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Le Heritage Trails sont présentés de courtoisie CKUA Radio Network et Cheryl Croucher

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Buddhist Christmas Tree

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Japanese people began migrating to Alberta in the early 1900s. Many settled in the Lethbridge region. And, like other people who've come to a new land, they've incorporated new rituals into the old Buddhist traditions they've brought with them.

David Goa studies myth, symbols and rituals in human culture. One Christmas he visited the home of a Japanese Buddhist friend in Raymond, Alberta. And, in his friend's living room, he found what looked ever so much like a Christmas tree. His friend explained.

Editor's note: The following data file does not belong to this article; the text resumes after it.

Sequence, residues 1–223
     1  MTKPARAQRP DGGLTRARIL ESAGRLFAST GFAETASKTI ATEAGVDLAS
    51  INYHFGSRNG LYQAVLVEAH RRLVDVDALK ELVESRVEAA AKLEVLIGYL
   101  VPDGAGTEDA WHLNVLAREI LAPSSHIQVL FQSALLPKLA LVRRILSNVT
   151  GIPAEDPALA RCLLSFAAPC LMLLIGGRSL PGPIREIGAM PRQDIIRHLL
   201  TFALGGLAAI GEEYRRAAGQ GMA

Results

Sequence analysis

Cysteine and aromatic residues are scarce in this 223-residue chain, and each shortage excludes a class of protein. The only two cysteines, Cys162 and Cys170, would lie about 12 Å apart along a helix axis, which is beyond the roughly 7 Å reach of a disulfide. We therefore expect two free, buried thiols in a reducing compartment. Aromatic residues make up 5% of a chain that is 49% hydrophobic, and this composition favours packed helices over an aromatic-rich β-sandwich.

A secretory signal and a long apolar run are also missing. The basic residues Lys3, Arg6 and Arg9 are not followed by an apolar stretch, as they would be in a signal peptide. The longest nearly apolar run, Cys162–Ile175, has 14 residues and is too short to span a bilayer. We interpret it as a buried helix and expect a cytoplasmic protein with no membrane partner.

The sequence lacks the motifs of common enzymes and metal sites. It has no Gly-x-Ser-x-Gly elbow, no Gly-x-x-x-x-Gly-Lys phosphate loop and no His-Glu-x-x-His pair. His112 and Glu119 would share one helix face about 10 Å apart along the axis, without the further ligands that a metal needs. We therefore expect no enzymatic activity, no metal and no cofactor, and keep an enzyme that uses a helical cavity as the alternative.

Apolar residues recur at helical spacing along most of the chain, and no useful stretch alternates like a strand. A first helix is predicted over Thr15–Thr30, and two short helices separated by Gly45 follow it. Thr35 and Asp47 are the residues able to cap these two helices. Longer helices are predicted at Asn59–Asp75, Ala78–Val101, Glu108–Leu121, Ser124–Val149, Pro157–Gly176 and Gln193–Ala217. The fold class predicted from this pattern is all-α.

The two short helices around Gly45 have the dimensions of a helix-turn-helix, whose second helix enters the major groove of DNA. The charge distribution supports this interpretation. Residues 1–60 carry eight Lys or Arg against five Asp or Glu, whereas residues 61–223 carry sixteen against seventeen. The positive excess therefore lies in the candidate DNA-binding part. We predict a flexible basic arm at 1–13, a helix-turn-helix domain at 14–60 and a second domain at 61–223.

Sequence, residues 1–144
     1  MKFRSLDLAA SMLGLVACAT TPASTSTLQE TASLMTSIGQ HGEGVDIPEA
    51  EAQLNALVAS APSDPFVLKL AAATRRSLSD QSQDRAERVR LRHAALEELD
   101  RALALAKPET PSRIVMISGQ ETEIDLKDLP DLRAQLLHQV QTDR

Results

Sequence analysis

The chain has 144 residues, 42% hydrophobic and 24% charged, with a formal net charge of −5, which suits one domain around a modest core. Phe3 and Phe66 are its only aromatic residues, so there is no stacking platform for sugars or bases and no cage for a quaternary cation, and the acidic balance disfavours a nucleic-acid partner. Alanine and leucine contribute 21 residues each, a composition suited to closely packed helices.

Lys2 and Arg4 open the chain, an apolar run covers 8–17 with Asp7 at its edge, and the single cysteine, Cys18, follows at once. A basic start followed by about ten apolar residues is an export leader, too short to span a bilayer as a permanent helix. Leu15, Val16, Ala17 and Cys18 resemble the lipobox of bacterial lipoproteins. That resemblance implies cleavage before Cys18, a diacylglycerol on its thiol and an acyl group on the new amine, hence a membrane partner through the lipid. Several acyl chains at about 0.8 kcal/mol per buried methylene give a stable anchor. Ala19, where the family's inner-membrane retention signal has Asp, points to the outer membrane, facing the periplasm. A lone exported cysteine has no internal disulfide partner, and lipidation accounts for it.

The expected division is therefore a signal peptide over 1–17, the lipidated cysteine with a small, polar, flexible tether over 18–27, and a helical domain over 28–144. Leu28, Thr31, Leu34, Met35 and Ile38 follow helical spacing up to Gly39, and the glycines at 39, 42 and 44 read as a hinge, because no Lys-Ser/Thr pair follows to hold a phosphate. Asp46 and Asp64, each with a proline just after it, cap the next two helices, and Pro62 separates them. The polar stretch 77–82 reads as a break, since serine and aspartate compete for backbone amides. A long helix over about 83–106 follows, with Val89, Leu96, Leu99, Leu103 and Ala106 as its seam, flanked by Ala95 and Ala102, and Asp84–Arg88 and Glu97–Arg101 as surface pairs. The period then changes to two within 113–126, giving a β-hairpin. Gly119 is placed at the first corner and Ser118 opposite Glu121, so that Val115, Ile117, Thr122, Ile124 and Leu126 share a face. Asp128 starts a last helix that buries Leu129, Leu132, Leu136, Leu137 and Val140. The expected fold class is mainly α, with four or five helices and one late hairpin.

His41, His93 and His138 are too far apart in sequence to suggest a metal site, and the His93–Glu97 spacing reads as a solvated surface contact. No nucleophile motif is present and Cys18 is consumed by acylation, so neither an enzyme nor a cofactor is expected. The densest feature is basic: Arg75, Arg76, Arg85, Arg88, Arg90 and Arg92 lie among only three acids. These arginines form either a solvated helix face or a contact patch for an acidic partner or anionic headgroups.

"This tree is really the Bodhi Tree, David. It is the tree of Buddha's enlightenment, and so, while Christians in the community are doing Christmas, we also take account of the fact that the Tree of Enlightenment was significant, and we bring it into our home. And since gifts are common in this society, I tell my children and the children in our community that the giving of gifts is a wonderful thing. This is taught by Buddhism as well, so we participate in this."

Like other religions and cultures, the Buddhists have a mid-winter celebration - theirs is the Feast of Enlightenment.

And, also with the Buddhist tradition, there are marvellous stories about the miracle of birth, in this case surrounding the birth of the Buddha.

As David Goa remarks, all religious traditions are layers, drawing their richness and life from those which came before.

My sense is that when we look at these issues in our own day at the end of the 20th century, in the lives, in various religious communities, we see them, not only honouring what they received from the past in their tradition, but we also see them making it ever-new by giving it shape and form in the contemporary world.

On the Heritage Trail,

I'm Cheryl Croucher.

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